TYRES, landfill and coal might seem a rather unlikely combination when it comes to the key ingredients of a green industrial future.
But those attending Energy and Environment North East 2012 – a major event bringing together leading businesses from the region’s energy and environmental sectors – will discover just how they could have an important role to play in the region’s future.
The event, which is billed as the biggest of its kind in the region, is being organised by the Energy and Environmental Industries Forum (EEIF) and is themed around the Great North Revolution.
It will showcase how the region is at the forefront of the low-carbon agenda with a raft of exciting projects and world-leading technologies being developed capable of creating thousands of new jobs and attracting millions in investment. The event will feature presentations from three of the region’s biggest low-carbon projects.
Richard Tweddle, manager of PYReco, will talk about his Teesside-based company’s £85m plant which is due to be built at Wilton later this year.
Once completed, it will be the first facility capable of recycling used tyres into their constituent parts, which include carbon black, steel, oil and gas.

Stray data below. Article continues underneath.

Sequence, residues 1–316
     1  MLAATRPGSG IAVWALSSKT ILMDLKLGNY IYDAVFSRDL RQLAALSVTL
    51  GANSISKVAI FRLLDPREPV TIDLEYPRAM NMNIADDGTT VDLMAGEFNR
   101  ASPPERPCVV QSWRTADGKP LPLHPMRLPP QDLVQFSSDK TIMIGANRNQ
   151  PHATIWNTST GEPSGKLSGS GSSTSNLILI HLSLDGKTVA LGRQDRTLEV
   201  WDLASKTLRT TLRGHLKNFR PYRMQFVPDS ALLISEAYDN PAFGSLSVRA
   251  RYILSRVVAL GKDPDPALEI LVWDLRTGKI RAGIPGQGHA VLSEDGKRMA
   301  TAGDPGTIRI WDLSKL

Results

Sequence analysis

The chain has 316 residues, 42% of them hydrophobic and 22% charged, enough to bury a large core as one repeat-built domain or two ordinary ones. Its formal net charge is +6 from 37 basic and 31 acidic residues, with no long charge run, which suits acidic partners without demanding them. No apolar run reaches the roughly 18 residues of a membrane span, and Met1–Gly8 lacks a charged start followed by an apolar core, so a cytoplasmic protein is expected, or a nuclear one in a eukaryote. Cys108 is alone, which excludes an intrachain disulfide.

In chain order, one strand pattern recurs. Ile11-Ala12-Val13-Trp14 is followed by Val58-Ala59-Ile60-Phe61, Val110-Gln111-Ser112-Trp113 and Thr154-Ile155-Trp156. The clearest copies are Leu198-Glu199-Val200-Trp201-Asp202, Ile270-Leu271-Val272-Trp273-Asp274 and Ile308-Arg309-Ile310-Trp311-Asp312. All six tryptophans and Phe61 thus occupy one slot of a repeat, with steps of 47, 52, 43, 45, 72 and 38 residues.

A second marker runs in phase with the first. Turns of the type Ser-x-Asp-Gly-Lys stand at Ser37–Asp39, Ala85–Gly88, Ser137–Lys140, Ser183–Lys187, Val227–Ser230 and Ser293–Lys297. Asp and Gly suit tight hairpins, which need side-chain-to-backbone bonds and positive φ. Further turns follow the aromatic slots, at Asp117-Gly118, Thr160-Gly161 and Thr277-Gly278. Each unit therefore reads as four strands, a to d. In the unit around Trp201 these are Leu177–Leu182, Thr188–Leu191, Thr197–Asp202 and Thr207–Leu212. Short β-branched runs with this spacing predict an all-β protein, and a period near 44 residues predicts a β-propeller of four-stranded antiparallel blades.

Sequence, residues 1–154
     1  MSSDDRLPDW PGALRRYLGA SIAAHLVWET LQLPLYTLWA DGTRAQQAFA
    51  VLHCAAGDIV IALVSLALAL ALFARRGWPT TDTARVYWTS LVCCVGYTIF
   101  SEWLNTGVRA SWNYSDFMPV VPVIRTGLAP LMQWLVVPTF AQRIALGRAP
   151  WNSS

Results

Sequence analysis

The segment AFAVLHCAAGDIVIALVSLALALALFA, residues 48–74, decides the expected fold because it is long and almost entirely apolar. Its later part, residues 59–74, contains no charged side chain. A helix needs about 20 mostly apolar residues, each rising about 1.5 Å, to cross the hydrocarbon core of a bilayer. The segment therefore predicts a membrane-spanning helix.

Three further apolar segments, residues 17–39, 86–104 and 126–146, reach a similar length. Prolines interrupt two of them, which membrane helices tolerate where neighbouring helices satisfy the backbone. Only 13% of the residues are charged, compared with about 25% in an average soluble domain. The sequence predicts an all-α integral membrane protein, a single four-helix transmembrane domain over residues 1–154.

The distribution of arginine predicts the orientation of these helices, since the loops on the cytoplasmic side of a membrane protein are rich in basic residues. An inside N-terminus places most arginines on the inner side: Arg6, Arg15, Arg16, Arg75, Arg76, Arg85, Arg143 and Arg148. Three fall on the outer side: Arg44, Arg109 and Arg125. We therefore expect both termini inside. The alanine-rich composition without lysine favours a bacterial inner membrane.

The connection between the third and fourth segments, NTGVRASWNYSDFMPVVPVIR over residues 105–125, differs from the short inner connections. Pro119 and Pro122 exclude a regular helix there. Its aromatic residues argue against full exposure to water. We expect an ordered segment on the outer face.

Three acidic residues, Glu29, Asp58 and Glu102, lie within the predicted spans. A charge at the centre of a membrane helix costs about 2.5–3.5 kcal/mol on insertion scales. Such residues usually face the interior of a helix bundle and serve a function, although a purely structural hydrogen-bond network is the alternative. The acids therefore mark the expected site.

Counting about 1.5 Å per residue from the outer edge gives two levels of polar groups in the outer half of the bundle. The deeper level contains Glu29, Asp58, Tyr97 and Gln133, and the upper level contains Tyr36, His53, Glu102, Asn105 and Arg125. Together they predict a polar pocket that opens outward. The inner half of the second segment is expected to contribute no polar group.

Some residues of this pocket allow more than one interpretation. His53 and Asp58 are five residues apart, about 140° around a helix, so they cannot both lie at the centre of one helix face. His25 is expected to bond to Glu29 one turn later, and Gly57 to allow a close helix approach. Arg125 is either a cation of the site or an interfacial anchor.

The carbon black can be sold back to tyre manufacturers to use in new tyres, as well as to plastic manufacturers.
The high-tensile steel found in tyres can also be sold on, with the rising price of metals making it a sought-after commodity.
Oil and gas recovered from the process will be used to generate electricity on the Wilton site.
Meanwhile, Lisa Jordan of Air Products, will talk about her company’s 49MW waste to energy plant near Billingham, which will divert non-recyclable waste from landfill and offer an environmentally-friendly solution for producing electricity.
Longer term, this Teesside plant has the potential to generate a renewable source of hydrogen for commercial use, such as fuelling public transport.
The Air Products facility will be one of the first advanced gasification plants of this size in the UK, using technology already used in other countries and proven as an efficient and environmentally friendly way of producing energy from waste.
It will produce electricity for up to 50,000 homes and help diversify the UK’s energy mix with new sustainable energy solutions.
The company is looking to create 50 direct permanent, jobs for ongoing operation and maintenance of the facility, which is due to start operating in late 2013/early 2014. Dr Dermot Roddy, whose ambition is to establish the North East as a trailblazer on the journey to the low-carbon economy of the future, will unveil his company’s plans to recover the North Sea’s untapped coal reserves.
Newcastle-based business Five-Quarter says there is enough coal left under the sea to power the world for five years using a process known as underground coal gasification.
London-based investment bank Numis Securities has been appointed to help raise an initial £30m to launch the production process.
Five-Quarter hopes to be producing energy within two years. Within a decade, with the operation in full production, it believes it will be employing thousands of people directly and indirectly.